Load Cell - 10kg, Straight Bar
Load Cell - 50kg, Disc
Load Cell - 10kg, Wide Bar
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(The gauge factor for metallic strain gauges is typically around 2.)
We set up a stain gauge load cell and measure that change in resistance
and all is good, right? Not so fast. Strain measurements rarely involve
quantities larger than a few millistrain (fancy units for strain, but
still very small). So lets take an example: suppose you put a strain of
500me. A strain gauge with a gage factor of 2 will have a change in
electrical resistance of only
For a 120Ω gauge, this is a change of only 0.12Ω.
0.12Ω is a very small change, and, for most devices, couldn’t actually be
detected, let alone detected accurately. So we are going to need another
device that can either accurately measure super small changes in
resistance (spoiler: they are very expensive) or a device that can take that
very small change in resistance and turn it into something that we can
measure accurately.
This is where an amplifier, such as the HX711 comes in handy.
SparkFun’s HX711 Amplifier breakout board
A good way of taking small changes in resistance and turning it into
something more measurable is using a wheatstone bridge. A wheatstone
bridge is a configuration of four resistors with a known voltage applied like
where Vin is a known constant voltage, and the resulting Vout is measured.
If then Vout is 0, but if there is a change to the value
of one of the resistors, Vout will have a resulting change that can be
measured and is governed by the following equation using ohms law:
By replacing one of the resistors in a wheatstone bridge with a strain
gauge, we can easily measure the change in Vout and use that to assess
the force applied.
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Bar load cell wheatstone bridge example From All About Circuits
Combinator Basics
Now that you have a load cell with a strain gauges hooked up to an
amplifier, you can now measure force applied to your cell. For more
information about how to hook up strain gauges, load cells, and amplifiers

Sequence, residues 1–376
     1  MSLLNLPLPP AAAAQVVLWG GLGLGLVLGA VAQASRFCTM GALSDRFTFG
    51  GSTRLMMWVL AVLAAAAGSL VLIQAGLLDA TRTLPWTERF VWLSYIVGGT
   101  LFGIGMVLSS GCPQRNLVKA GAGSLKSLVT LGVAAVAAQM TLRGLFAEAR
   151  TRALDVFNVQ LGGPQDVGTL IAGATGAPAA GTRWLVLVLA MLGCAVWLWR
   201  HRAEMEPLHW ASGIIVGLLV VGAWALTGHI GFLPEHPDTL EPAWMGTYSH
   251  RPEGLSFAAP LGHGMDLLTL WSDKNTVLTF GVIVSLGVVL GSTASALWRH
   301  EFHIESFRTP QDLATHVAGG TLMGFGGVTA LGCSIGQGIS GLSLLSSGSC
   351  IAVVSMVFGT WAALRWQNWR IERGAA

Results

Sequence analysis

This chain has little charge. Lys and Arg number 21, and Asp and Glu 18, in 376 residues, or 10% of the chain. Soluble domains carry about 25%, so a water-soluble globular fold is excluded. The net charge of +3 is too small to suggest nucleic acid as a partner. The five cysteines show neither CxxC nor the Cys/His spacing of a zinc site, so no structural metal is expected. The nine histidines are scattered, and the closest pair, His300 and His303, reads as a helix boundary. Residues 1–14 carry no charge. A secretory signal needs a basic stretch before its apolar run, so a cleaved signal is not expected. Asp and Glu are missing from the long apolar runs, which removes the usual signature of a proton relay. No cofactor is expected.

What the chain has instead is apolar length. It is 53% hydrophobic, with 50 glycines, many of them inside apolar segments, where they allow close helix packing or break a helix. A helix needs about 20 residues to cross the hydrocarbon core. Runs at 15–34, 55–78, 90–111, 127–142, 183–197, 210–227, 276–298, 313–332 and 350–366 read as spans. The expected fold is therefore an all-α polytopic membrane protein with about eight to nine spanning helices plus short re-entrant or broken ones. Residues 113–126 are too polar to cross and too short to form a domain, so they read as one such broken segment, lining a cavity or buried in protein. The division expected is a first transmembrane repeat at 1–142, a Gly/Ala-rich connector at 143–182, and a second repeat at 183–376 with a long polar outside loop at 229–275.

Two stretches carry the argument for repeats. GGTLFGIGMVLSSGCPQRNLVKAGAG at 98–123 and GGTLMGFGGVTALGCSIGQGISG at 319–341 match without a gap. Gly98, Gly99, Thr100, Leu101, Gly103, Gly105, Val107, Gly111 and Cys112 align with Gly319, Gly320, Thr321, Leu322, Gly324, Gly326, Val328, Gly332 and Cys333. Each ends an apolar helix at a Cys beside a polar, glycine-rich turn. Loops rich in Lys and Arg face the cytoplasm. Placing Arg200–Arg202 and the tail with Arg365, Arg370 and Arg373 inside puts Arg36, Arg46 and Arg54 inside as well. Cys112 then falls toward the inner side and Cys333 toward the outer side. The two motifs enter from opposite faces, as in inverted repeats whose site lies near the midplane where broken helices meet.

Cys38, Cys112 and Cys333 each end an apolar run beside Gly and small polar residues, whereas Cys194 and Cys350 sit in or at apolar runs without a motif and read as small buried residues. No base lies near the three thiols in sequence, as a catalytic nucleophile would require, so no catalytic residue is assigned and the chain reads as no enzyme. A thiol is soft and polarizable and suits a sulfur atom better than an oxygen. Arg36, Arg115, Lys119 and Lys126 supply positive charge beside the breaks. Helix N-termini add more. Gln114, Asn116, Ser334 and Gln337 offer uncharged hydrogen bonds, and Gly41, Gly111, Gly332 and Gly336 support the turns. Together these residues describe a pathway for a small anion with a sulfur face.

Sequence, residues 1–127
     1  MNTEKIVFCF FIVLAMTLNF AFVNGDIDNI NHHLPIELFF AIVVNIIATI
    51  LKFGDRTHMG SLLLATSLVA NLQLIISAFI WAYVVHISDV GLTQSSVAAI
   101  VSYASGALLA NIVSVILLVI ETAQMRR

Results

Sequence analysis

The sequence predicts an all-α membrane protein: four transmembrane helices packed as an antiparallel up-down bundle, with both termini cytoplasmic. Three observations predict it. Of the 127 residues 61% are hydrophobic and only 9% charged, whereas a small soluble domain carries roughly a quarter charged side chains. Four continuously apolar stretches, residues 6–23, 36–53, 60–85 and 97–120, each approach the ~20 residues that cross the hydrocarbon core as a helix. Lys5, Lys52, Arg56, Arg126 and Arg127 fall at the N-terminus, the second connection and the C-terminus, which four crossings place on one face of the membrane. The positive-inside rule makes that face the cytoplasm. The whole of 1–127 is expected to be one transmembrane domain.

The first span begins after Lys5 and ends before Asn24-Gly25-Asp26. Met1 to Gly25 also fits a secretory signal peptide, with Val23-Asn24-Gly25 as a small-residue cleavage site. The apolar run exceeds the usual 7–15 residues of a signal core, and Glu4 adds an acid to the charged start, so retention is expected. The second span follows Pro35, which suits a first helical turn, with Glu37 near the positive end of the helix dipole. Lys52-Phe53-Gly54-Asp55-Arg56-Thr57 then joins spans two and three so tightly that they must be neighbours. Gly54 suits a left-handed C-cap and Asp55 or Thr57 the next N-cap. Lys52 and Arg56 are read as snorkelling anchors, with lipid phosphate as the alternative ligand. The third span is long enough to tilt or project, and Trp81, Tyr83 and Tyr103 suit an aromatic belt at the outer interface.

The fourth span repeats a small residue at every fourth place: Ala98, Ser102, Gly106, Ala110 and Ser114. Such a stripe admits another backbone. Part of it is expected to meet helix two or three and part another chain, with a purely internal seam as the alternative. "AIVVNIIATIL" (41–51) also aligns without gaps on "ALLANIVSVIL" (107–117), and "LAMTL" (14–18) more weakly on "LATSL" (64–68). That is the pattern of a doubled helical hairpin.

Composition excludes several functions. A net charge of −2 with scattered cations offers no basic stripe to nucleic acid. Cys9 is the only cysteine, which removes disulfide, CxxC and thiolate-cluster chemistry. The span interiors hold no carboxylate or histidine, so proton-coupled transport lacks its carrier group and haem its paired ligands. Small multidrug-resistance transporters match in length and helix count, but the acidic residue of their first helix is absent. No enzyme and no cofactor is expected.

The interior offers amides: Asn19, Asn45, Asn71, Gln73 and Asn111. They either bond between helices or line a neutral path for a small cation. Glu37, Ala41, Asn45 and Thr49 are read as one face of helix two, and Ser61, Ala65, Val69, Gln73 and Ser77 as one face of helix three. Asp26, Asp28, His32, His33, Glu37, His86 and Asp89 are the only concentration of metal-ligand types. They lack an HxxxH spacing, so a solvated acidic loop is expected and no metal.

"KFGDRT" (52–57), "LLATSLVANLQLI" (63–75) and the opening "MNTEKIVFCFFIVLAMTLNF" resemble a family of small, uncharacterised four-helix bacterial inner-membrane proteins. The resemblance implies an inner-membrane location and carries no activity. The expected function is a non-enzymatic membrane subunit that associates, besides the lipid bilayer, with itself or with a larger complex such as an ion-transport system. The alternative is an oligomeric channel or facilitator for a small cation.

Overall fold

go to our hookup guide.
Bathroom scale using the Load Sensor Combinator to combine twelve
wires into one wheatstone bridge
But what happens when you don’t have a load cell with four strain gauges?
Or you want to measure something really heavy on something scale like?
You can combine four single strain gauge load cells (sometimes referred to
as Load sensors)! Using the same wheatstone bridge principle, you can
use a combinator to combine the single strain gauge load cells into a
wheatstone bridge configuration where the force applied to all four single
strain gauge load cells is added to give you a higher maximum load, and
better accuracy than just one, and then the combinator can be hooked up to
the same amplifier for easier measuring.
For more information on hooking up load sensors go to our hookup guide.
This is the same layout that you would find in say your home scale. There
would be four strain gauge load cells hooked up to a combinator and an
amplifier to give you your weight reading.
Resources and Going Further
For more information about setting up load cells and how to integrate them
into your next project, check out our HX711 hook up guide:
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Can’t get enough about how load cells work? Check out this article for more
in depth information.
Load Cell Amplifier HX711 Breakout Hookup
UNE 11, 201
hookup guide for the HX711 load cell amplifier breakout board